Junior Doctors’ Pay – The Facts

Junior doctor Alex Ashman has the inside story on what junior doctors are actually paid.

A new ‘investigation’ by the Daily Mail has apparently revealed that fifty thousand NHS staff earn more than £100k. The timing of this announcement is somewhat suspicious, coming as it does during a dispute over junior doctors’ pay. But how much do junior doctors actually earn?

Basic Pay

A first year doctor (F1), having completed five/six years in medical school, receives a basic salary of £22,636. Thanks to below-inflation pay rises under the coalition government, today’s F1s are as much as £6,300 worse off compared to F1s in 2010.1

F1s are paid poorly because they traditionally received free onsite hospital accommodation. This was taken away in 2010, but there was no compensatory pay increase.

After one year, F1s become F2s, and their basic pay rises to £28,076. Further progression is rewarded with smaller increases thus:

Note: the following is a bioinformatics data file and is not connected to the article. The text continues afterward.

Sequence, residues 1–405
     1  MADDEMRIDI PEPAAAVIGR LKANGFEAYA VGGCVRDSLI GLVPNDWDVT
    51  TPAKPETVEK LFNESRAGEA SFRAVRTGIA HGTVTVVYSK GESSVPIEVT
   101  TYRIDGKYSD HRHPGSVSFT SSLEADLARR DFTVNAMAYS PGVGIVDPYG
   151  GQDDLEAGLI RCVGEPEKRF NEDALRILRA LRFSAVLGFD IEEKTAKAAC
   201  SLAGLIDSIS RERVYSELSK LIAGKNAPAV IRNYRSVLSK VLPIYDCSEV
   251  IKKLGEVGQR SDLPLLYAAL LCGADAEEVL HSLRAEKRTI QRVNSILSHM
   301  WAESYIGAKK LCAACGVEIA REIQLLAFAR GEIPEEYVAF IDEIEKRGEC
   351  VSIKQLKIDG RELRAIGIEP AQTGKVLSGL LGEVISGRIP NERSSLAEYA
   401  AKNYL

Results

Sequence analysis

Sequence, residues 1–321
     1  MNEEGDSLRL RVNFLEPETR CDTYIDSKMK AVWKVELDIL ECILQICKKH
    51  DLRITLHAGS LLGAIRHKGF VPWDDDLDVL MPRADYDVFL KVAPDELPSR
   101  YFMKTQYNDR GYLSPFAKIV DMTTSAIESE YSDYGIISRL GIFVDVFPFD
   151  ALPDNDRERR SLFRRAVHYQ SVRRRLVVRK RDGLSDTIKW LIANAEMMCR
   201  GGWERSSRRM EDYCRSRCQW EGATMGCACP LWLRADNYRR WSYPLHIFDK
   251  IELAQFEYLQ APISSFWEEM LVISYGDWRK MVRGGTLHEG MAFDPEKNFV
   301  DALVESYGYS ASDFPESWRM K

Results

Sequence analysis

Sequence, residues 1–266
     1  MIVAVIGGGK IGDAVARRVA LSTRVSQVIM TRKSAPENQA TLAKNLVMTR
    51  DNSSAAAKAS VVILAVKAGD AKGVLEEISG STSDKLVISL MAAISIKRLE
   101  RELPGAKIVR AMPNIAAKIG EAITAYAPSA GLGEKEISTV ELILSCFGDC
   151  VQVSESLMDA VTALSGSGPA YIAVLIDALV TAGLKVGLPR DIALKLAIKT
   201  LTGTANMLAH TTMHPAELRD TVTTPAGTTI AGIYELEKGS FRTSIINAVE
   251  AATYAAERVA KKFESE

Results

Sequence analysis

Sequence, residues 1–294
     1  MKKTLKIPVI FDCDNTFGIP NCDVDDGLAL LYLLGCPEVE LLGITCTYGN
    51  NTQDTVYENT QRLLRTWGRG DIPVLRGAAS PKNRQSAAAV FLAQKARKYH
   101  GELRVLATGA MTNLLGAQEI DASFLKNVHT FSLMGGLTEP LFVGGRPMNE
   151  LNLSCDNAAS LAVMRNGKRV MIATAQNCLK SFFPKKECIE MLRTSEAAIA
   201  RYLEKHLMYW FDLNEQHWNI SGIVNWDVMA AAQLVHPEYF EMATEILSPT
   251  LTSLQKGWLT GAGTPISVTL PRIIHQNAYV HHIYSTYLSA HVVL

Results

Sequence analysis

Year of Service Typical Title Basic Pay Minimum Age
 First House Officer / F1  £22,636  23
 Second Senior House Officer / F2  £28,076  24
 Third Senior House Officer / CT1  £30,002  25
 Fourth Senior House Officer / CT2  £31,838  26
 Fifth Registrar / ST3  £34,402  27
 Sixth  Registrar / ST4  £35,952  28
 Seventh  Registrar / ST5  £37,822  29
 Eighth  Registrar / ST6  £39,693  30
 Ninth  Registrar / ST7  £41,564  31
 Tenth  Registrar / ST8  £43,434  32
 Eleventh  Registrar / ST9  £45,304  33

Banding Supplements

For many junior doctors, basic pay is funded by their regional deanery. The hospital they work for then pays a banding supplement based on the unsocial nature of the hours they work (nights/weekends/long shifts).

Banding supplements were introduced to punish hospitals for overworking their junior doctors. Doctors working traditional 80-hour weeks were given up to 100% extra pay, ending the 80-hour week pretty damned quickly!